An example of application that take the changes and send them to pivotal can find here.
The idea of continues integration and delivery is that you do it periodically or when given event occurred.
In that way you do not do a big and painful integrations and deliveries.
The continues integration is when all developers keep their work integrated.
You can read more about integration and delivery here.
You can use the ‘Poll SCM’ triggering of integration process. On a given period of time Poll SCM checks the remote repository for changes and start the job if any new pushed are detected. The better ways is to trigger a build on commit. One way to do this is to use post commit hooks that send a POST request to the JENKINS_URL/job/JOBNAME/build?token=TOKEN. Some servers like GitLab have integrated solutions for triggering a build right after push.
This post commit builds can integrate future branches into the master branch, do a merge request or just compile the project to make sure the project can be build.
There is many configurations that can be made.
One possibility is to create a post commit that only build the projects and run the tests. After that a daily build that integrate into master branch and weekly that run the acceptance tests and create a tag that can be deployed to test environment.
The setups can be different depending on the project needs.
In the first post of the series we have described how to use a pre-master branch. You have other possibilities with Jenkins.
Developers can use future branches and Jenkins can integrate or create a merge request with master. The Git plugin allowing it.
Another option is to use a feature toggles. You can include a future framework like this ones (preview some of them here). With the Web.config transformations you can activate different futures for the different environments and clients.
One of the useful things when to finish your integration to the master is to periodically extract a documentation of your code and overall description of your project.
This can be deployed to a public site or to though a Jenkins HTML Publish plugin.
The continuous delivery is a process of continually delivering stable versions to your environments. A different plugins like Violations can set your build as stable and unstable.
After stable build we have the opportunity to create tags. In that way stable builds will be ready for deploy to test or stage environment where testers and clients can test and review the application and the new futures.
The continuous delivery process can contain many configurations like post-commit, daily, weekly jobs, jobs that deploy to different environments, etc. We can create jobs for every configuration and execute the same commands over and over again, but this will become harder to maintain and harder to comprehend. A better way is to organize all jobs for a given project in delivery pipeline (see references). After setting the delivery pipeline (by triggering jobs one after another) you can visualize the process by pipeline view plugins like Delivery Pipeline Plugin and Build Pipeline Plugin.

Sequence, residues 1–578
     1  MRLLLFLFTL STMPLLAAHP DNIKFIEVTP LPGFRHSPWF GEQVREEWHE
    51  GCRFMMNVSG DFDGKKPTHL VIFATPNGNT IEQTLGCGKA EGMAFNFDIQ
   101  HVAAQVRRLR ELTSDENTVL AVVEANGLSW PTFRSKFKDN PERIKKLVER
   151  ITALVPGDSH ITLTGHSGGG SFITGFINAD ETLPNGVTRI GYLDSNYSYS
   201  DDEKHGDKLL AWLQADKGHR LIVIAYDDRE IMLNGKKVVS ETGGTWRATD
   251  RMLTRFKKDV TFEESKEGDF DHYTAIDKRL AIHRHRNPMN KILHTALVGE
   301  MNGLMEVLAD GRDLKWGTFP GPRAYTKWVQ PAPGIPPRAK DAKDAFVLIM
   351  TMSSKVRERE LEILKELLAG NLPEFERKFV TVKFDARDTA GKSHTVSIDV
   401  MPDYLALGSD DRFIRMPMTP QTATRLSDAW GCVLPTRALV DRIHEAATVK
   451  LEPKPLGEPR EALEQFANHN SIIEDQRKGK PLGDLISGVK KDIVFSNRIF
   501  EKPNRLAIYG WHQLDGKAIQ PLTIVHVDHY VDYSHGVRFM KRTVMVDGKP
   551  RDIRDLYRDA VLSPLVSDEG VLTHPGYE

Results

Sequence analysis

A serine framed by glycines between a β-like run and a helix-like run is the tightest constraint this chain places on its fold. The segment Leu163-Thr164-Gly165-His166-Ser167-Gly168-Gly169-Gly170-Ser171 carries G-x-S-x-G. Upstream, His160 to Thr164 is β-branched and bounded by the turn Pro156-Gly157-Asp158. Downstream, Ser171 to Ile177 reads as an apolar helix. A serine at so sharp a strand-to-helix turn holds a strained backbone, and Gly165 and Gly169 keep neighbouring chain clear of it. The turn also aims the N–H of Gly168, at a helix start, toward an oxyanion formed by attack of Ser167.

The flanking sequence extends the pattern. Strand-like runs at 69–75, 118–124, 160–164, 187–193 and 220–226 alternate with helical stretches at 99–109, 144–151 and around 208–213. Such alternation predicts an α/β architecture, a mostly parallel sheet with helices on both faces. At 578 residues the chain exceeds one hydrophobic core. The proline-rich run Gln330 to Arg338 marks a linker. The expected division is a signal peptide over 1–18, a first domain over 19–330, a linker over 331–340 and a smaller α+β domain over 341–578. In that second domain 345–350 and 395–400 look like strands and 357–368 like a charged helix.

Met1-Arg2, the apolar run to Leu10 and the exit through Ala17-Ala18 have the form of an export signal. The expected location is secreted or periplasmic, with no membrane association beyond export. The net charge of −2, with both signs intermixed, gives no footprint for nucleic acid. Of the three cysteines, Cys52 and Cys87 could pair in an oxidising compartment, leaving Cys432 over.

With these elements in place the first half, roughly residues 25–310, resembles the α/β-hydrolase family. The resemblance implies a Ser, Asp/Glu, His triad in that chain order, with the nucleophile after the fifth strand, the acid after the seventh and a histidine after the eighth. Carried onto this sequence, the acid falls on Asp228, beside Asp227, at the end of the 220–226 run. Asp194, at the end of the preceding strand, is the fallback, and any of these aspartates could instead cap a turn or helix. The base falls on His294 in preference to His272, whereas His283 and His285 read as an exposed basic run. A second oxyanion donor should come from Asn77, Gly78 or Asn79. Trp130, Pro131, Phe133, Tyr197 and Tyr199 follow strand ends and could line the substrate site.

Sometimes you want to promote a version from test environment to stage environment or above. However it is better to do this, if the QA team is deemed the version stable. So you will need to allow external users of Jenkins to trigger builds manually. This can be done with triggers.
Manual triggering of a job can be done by email. There is some plugins that can perform this like Mail Commander Plugin and Mailbox Trigger Plugin. They can do the job, but do not have validation or authentication if you require it.
Another way to allow manual trigger of specific jobs is to write your own tool or script that access the Jenkins CI API for triggering jobs. You can write a small page or do a script and send it to the people that will promote the builds to different environments.
When you want to promote to different environments it is a good idea to preserve the code in artifact and then to transform and deploy it. One possible MSBuild project that you can use is located here. You can use it in your project and modify it for your needs. If you call it with the following command it will copy all files for publish at single location and all Web.config transform files.
Command Line Arguments
- The WEB_TARGETS_PATH is the path for your web publish targets. This can possibly be „C:\Program Files (x86)\MSBuild\Microsoft\VisualStudio\v12.0“ or other VS version file.
- The PROJECT_NAME is your project name.
The next command on the same MSBuild project file will transform the Web.config with Web.Test.config and create a package file for deploy.
Command Line Arguments
MSBuild.xml /t:PrepareDeploy /p:PublishTargetsDirectory=%WEB_TARGETS_PATH%;
Now you can use msdeploy to deploy to test environment.
Delivery process diagram
- Web Deployment: Web.Config Transformation
- Jenkins Parameterized Builds
- Git, Feature Branches, and Jenkins – or how I learned to stop worrying about broken builds
- Continuous Delivery: Anatomy of the Deployment Pipeline
- Orchestrating Your Delivery Pipelines with Jenkins
- How to use Jenkins for Job Chaining and Visualizations